Behavioral: ACT Intervention
8-week intervention that emphasizes mindfulness, acceptance, perspective taking, and values-based actions.

Active Comparator: 2/Immediate Intervention
Participants will begin their 1-week baseline EMA data collection period immediately after randomization and will begin receiving the 8-week intervention at the end of this week/beginning of the next week (depending on participant schedule).
Behavioral: ACT Intervention
8-week intervention that emphasizes mindfulness, acceptance, perspective taking, and values-based actions.

Active Comparator: 3/Waitlist Control
After an initial 1-week baseline period for EMA data collection and 8 weeks of maintaining their usual routine (wait list period), participants will begin receiving the 8-week intervention.
Behavioral: Waitlist
8 weeks of maintaining usual routine followed by 8-week intervention that emphasizes mindfulness, acceptance, perspective taking, and values-based actions.

Primary Outcome Measures :
  1. Feasibility & Acceptability [ Time Frame: 9 weeks ]
    Feasibility defined by compliance with viewing >50% of the weekly videos (proposed target rate of 5 out of 8 videos watched; must watch at least 80% of each video), and 70% of participants attending both coaching sessions 2 and 3. Acceptability defined by descriptive data per caregiver reports of satisfaction on the Study Satisfaction survey (mean of questions 1-7 and 9).

  2. Changes in PSS [ Time Frame: 9 weeks ]
    RCT: Mean scores on the Parental Stress Scale (PSS) will be compared from pre- to post-intervention (baseline to 8 weeks between the immediate intervention arm and the wait list control arm.

Secondary Outcome Measures :
  1. To examine the feasibility of ecological momentary assessment methods to assess patterns of parenting stress levels over time [ Time Frame: 21 weeks ]
    Feasibility defined by compliance with daily surveys (target rate of 30 out of 40 surveys (75%) completed on average by each participant). Acceptability defined by post-intervention participant reports of satisfaction with completing daily EMA ratings on the Study Satisfaction survey.

  2. To examine changes on caregiver-completed measures of mindfulness, self-compassion, experiential avoidance, depression, and perceptions of child affect from pre- to post-intervention [ Time Frame: 21 weeks ]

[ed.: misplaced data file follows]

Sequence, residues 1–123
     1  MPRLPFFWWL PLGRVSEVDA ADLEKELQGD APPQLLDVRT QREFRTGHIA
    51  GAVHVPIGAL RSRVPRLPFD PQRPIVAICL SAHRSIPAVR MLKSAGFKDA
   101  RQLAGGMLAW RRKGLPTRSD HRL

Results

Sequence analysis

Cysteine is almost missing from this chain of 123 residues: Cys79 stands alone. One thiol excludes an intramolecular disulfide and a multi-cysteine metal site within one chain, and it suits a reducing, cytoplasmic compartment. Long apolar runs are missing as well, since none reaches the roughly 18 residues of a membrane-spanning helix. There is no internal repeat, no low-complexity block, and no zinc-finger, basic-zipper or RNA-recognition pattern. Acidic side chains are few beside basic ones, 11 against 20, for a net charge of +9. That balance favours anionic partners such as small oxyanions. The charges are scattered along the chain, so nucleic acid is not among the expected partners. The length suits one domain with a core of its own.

We will examine pre- to post-intervention changes in scores on measures of mindfulness (MAAS), self-compassion (SCS-SF), experiential avoidance (BEAQ), depression (PROMIS Depression 8a) and child affect (PROMIS Positive Affect Scale).

  3. To determine whether psychological flexibility mediates the relationship between treatment group and parenting stress [ Time Frame: 21 weeks ]
    We will look for a significant indirect association between treatment arm assignment and pre- to post-intervention PSS changes via psychological flexibility as measured by the BEAQ.

Information from the National Library of Medicine

Choosing to participate in a study is an important personal decision. Talk with your doctor and family members or friends about deciding to join a study. To learn more about this study, you or your doctor may contact the study research staff using the contacts provided below. For general information, Learn About Clinical Studies.

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Ages Eligible for Study:   18 Years and older   (Adult, Older Adult)
Sexes Eligible for Study:   All
Accepts Healthy Volunteers:   Yes
  • Ability to understand and the willingness to sign a written informed consent document
  • Ability to read and speak English
  • Age >= 18 years
  • Caregiver (defined as parent or legal guardian) of a child (< 18 years) with a diagnosis of a RASopathy syndrome including NF1, Noonan Syndrome, Legius Syndrome, CFC, and Costello Syndrome, or another RASopathy
  • The participant s child with a RASopathy must live with them at least 50% of the time
  • Access to necessary resources for participating in a technology-based intervention (i.e., computer, smartphone, internet access) or be willing to use an iPod provided by study team.